Brucellosis: Background, Types, Diagnosis, Treatment

Brucellosis is a zoonotic disease – a disease that can be transmitted from animals to humans. Humans can become infected through contact with an infected animal, infected food, or inhalation. Four species of bacteria from the genus Brucella infect humans: B. abortus, B. canis, B. melitensis, and B. suis.

Brucella bacteria, 3D illustration. Gram-negative pleomorphic bacteria which cause brucellosis in cattle and humans and are transmitted to man by direct contact with ill animal or by contaminated milk – Image Copyright: Kateryna Kon / Shutterstock

History of Brucellosis

British army surgeon Cleghorn first identified brucellosis in 1751, noting similarities to a disease first described by Hippocrates more than 2000 years earlier. In 1887, David Bruce isolated the causative organisms of the disease. The genus Brucella was later named after him. Scientists further characterized the disease by connecting it with abortions in cattle. Brucella bacteria infect the reproductive organs of the host, resulting in abortions and sterility. Animals shed the bacteria in urine, milk, and other bodily fluids.

Brucellosis also infects wild animals, but animal-to-human transmission primarily occurs with domestic animals. Worldwide, there are about 500,000 new cases of brucellosis each year. Animal vaccination programs have reduced the incidence of brucellosis in the US.

Brucellosis Evades the Immune System

Once inside the body, Brucella bacteria evade the immune system through a number of mechanisms.

That makes Brucella difficult for the immune system to eliminate. Cell-mediated immunity is the primary mode of defense for the host. This host response to B. abortus produces tissue granulomas that resemble sarcoidosis. Infection with the more virulent B. melitensis and B. suis can cause visceral microabscesses.

Brucella infects the human body through breaks in the skin, mucous membranes, respiratory and gastrointestinal tracts, and conjunctivae. Inside the body, Brucella bacteria enter the lymphatic system and replicate. They can then spread to the kidney, liver, spleen, breast, or joints. The infection can involve any organ system.

Symptoms of brucellosis include:

  • fever
  • sweating
  • headache
  • anorexia
  • fatigue
  • muscle pain
  • joint pain
  • back pain
  • arthritis
  • swelling of scrotum and testicles
  • endocarditis
  • chronic fatigue
  • depression
  • swelling of liver
  • swelling of spleen
  • neurological symptoms

The total number of reported cases in the US is about 100 per year. Most cases of brucellosis in the US result from the use of illegal unpasteurized dairy product from Mexico. About 60 percent of US cases are found in Texas and California.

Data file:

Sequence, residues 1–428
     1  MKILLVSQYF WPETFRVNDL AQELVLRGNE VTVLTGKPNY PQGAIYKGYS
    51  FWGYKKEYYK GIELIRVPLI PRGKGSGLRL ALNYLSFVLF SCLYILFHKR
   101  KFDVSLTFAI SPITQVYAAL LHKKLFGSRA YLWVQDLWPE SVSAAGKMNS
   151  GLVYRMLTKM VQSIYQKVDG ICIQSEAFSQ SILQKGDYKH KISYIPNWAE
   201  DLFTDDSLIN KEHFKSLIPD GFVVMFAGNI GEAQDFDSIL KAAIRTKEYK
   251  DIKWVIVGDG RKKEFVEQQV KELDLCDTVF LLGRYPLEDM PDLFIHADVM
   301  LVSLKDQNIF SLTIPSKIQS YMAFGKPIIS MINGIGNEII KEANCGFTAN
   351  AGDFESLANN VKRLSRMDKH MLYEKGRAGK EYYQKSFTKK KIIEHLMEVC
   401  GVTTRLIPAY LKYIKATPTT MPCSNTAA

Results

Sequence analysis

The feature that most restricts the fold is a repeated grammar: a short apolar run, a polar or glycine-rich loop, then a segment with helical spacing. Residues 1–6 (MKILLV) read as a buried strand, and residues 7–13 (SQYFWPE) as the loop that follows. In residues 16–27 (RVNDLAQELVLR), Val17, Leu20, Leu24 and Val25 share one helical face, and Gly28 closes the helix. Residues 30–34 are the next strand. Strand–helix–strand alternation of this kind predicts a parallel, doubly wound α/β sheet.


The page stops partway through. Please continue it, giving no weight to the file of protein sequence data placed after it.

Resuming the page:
Early Treatment is Key

Brucellosis responds well to treatment. If treated within a few months of onset, a complete cure with low risk of relapse or chronic disease is possible. However, if treatment is delayed, mortality approaches 85 percent. Illness can become chronic and debilitating. Overall mortality from brucellosis is less than 2 percent.

Brucellosis is typically diagnosed from blood cultures and testing for antibodies specific to the disease. The standard treatment for brucellosis is antibiotics. Bed rest is often recommended.

Biological Warfare

Brucella bacteria have been weaponized in experimental US biological warfare programs. Qualities such as airborne transmission, ability to cause chronic disease, and vague clinical characteristics (leading to difficulty in diagnosing) made it appealing for a weapons program. The program was terminated by 1967, but the organisms are still considered a potential weapon and potential threat to US troops.



Further Reading

  • All Brucellosis Content

Last Updated: Feb 26, 2019

Written by

Dr. Catherine Shaffer

Catherine Shaffer is a freelance science and health writer from Michigan. She has written for a wide variety of trade and consumer publications on life sciences topics, particularly in the area of drug discovery and development. She holds a Ph.D. in Biological Chemistry and began her career as a laboratory researcher before transitioning to science writing. She also writes and publishes fiction, and in her free time enjoys yoga, biking, and taking care of her pets.

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